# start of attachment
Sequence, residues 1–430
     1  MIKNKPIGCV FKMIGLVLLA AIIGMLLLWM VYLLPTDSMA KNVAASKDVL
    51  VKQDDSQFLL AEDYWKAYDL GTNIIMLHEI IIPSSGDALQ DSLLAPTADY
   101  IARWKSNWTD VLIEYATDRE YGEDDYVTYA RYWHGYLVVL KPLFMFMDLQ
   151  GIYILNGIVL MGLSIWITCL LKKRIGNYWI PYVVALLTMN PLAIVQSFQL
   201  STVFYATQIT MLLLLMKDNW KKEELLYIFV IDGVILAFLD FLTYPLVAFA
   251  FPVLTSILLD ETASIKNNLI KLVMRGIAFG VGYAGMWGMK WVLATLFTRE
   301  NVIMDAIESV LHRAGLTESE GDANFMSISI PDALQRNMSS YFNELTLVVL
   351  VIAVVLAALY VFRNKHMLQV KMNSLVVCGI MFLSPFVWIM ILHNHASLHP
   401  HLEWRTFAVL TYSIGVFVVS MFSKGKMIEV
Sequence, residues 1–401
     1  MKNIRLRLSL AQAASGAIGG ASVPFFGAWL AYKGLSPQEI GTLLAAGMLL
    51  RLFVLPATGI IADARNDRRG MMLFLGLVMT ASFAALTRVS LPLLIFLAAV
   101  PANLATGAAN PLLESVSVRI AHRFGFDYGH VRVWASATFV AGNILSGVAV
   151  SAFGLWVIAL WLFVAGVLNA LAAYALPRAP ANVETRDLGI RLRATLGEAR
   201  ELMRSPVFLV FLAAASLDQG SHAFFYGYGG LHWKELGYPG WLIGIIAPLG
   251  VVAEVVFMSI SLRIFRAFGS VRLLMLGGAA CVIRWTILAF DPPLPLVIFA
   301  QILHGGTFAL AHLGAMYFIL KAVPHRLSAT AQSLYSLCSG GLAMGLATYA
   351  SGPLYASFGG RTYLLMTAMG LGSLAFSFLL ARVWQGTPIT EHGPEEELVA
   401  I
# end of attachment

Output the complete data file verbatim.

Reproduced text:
Sequence, residues 1–430
     1  MIKNKPIGCV FKMIGLVLLA AIIGMLLLWM VYLLPTDSMA KNVAASKDVL
    51  VKQDDSQFLL AEDYWKAYDL GTNIIMLHEI IIPSSGDALQ DSLLAPTADY
   101  IARWKSNWTD VLIEYATDRE YGEDDYVTYA RYWHGYLVVL KPLFMFMDLQ
   151  GIYILNGIVL MGLSIWITCL LKKRIGNYWI PYVVALLTMN PLAIVQSFQL
   201  STVFYATQIT MLLLLMKDNW KKEELLYIFV IDGVILAFLD FLTYPLVAFA
   251  FPVLTSILLD ETASIKNNLI KLVMRGIAFG VGYAGMWGMK WVLATLFTRE
   301  NVIMDAIESV LHRAGLTESE GDANFMSISI PDALQRNMSS YFNELTLVVL
   351  VIAVVLAALY VFRNKHMLQV KMNSLVVCGI MFLSPFVWIM ILHNHASLHP
   401  HLEWRTFAVL TYSIGVFVVS MFSKGKMIEV
Sequence, residues 1–401
     1  MKNIRLRLSL AQAASGAIGG ASVPFFGAWL AYKGLSPQEI GTLLAAGMLL
    51  RLFVLPATGI IADARNDRRG MMLFLGLVMT ASFAALTRVS LPLLIFLAAV
   101  PANLATGAAN PLLESVSVRI AHRFGFDYGH VRVWASATFV AGNILSGVAV
   151  SAFGLWVIAL WLFVAGVLNA LAAYALPRAP ANVETRDLGI RLRATLGEAR
   201  ELMRSPVFLV FLAAASLDQG SHAFFYGYGG LHWKELGYPG WLIGIIAPLG
   251  VVAEVVFMSI SLRIFRAFGS VRLLMLGGAA CVIRWTILAF DPPLPLVIFA
   301  QILHGGTFAL AHLGAMYFIL KAVPHRLSAT AQSLYSLCSG GLAMGLATYA
   351  SGPLYASFGG RTYLLMTAMG LGSLAFSFLL ARVWQGTPIT EHGPEEELVA
   401  I